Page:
How does my skin protect me?

Dr. Mehmet Oz, MD
Cardiology (Cardiovascular Disease)
Covering an average of eighteen square feet, your skin is your body’s largest organ and, in addition to providing physical protection, has many other vital functions.

Skin also:

• Protects against infections - germs from the outside world travel to your inside world via three main systems--your lungs (through your nose and mouth), your intestines (through your mouth), and your skin (all over). Since your skin stops the outside world from getting in far more than the other two areas, it is your protective key.

• Sends important signals to your brain via touch - for example, if you burn yourself, and it hurts, your brain receives the message to get your fingers away from the lighter you’re holding up at the end of the rock concert. And that message comes courtesy of your skin. If your fingers are touching fire and you feel no pain, the flames may have already killed the part of the skin containing pain-sensing fibers. So what’s the big deal? If those nerve endings are dead, your brain won’t get the message, and you won’t remove your fingers from the flame, leading to more severe injury. Drugs that alter your brain function can prevent you from recognizing pain, potentially leading you to hold the lighter until your fingers are permanently damaged. Not good either.

• Helps you heal. That’s what scabs do. They provide a layer of protection and moisture to allow skin to fuse together over a wound. (By the way, picking a scab interrupts and slows down the healing process, because the healing cells are pulled off when you peel off the scab.)
YOU: The Owner's Manual for Teens: A Guide to a Healthy Body and Happy Life

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YOU: The Owner's Manual for Teens: A Guide to a Healthy Body and Happy Life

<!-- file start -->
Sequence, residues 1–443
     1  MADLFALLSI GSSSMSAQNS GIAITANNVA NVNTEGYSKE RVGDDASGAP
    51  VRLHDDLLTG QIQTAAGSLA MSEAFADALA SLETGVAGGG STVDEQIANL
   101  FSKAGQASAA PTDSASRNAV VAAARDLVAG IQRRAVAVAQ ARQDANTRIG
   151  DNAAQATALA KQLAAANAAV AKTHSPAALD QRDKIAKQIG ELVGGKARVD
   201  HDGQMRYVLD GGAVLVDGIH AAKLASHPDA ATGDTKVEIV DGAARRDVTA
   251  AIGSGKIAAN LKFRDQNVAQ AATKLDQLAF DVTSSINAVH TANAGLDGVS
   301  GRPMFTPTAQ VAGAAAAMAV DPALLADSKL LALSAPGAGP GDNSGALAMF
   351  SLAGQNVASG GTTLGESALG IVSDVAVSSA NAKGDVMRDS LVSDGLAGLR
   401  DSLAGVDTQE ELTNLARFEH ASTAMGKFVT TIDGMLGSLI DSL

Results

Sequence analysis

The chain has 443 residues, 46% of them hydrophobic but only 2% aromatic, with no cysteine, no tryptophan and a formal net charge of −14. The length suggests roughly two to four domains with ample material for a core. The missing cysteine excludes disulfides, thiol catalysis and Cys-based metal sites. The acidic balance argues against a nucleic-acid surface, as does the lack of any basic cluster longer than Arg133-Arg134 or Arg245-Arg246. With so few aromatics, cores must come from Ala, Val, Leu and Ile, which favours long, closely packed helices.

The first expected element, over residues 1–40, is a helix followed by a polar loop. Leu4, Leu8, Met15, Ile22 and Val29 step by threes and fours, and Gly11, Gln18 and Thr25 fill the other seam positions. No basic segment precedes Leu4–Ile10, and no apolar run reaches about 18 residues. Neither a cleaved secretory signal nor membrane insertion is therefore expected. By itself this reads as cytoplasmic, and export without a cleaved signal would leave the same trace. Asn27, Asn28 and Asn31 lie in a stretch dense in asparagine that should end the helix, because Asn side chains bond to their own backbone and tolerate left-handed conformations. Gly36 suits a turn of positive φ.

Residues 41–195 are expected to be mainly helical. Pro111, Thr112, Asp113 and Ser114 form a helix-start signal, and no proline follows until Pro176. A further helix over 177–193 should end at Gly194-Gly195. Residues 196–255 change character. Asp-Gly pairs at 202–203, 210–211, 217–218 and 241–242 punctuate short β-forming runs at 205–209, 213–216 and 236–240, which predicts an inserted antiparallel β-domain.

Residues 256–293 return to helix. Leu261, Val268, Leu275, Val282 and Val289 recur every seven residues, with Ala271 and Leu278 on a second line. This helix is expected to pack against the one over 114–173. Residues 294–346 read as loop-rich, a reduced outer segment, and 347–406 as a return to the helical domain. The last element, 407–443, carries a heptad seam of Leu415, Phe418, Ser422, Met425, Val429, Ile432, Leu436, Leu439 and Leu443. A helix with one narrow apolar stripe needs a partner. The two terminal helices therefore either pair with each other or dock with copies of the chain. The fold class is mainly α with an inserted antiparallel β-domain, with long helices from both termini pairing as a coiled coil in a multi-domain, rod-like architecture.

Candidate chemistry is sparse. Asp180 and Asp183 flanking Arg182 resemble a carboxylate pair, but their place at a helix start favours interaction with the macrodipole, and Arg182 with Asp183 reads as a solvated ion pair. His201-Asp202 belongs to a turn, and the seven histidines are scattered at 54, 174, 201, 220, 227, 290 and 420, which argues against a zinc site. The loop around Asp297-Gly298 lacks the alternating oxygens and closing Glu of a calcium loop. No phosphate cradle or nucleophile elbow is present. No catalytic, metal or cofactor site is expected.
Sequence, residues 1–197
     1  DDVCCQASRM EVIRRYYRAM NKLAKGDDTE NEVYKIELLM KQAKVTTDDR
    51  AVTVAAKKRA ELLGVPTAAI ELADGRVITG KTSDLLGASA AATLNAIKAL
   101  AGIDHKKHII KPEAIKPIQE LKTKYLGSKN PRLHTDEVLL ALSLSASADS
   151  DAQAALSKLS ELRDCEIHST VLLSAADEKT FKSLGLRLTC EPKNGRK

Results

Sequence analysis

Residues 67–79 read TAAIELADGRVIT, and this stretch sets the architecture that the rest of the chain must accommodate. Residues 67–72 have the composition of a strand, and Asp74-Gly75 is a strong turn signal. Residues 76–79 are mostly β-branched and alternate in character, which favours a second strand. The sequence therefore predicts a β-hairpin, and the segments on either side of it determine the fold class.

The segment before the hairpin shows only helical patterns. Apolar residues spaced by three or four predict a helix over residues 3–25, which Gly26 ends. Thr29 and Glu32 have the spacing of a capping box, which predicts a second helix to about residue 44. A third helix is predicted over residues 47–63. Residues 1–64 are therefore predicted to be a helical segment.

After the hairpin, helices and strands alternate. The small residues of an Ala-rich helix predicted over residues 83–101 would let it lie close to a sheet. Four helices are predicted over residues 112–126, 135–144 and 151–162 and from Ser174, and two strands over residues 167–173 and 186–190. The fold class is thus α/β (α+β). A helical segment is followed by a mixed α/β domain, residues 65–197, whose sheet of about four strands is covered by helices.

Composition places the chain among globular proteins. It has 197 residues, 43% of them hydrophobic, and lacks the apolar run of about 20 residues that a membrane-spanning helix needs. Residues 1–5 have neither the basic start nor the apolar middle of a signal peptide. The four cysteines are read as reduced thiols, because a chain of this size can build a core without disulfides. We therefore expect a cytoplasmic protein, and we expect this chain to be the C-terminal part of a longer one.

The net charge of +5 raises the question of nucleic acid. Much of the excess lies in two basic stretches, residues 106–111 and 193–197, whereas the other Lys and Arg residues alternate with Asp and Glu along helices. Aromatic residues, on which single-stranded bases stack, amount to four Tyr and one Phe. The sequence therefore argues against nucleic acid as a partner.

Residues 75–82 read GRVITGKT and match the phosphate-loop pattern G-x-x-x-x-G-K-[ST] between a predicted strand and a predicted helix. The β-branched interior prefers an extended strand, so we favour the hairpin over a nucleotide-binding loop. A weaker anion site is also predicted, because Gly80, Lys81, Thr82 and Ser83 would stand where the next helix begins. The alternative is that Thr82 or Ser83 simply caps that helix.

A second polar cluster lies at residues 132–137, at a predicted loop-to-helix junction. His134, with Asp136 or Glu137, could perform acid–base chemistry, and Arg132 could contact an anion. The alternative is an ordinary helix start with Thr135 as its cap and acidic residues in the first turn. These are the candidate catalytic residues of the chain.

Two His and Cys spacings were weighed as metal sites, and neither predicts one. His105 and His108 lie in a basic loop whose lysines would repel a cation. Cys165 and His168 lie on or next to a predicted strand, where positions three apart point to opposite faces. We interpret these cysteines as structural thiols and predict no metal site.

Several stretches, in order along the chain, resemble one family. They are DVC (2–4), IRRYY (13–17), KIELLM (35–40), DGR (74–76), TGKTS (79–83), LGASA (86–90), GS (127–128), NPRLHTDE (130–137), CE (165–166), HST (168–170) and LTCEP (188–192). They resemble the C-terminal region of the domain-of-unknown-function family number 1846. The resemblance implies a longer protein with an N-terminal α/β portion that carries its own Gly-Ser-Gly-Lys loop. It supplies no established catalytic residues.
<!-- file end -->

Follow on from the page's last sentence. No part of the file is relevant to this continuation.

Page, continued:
A few years ago, we wrote YOU: The Owner’s Manual, which taught people about the inner workings of their bodies—and how to keep them running strong. But you know what? There’s a big difference...
Dr. Doris Day, MD
Your skin protects you from physical and chemical assaults from the outside world. Two of the skin’s layers, the hypodermis and the dermis, absorb shock and help you keep from getting too cold. Your skin also has blood vessels that help oxygen and nutrition reach the upper layers of the skin, nerve endings that provide sensation, collagen, hyaluronic acid, and elastic tissue called elastin that give your skin resilience. Another more superficial layer of your skin, the epidermis, makes a pigment called melanin that gives your skin its color and tries to limit the damaging effects of the sun’s ultra violet rays. Finally, your skin is a barrier with its own personal  first-line immune defense that is designed to ward off bacterial, viral, fungal, and other infections that are a threat to your skin and your overall heath.

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Important: This content reflects information from various individuals and organizations and may offer alternative or opposing points of view. It should not be used for medical advice, diagnosis or treatment. As always, you should consult with your healthcare provider about your specific health needs.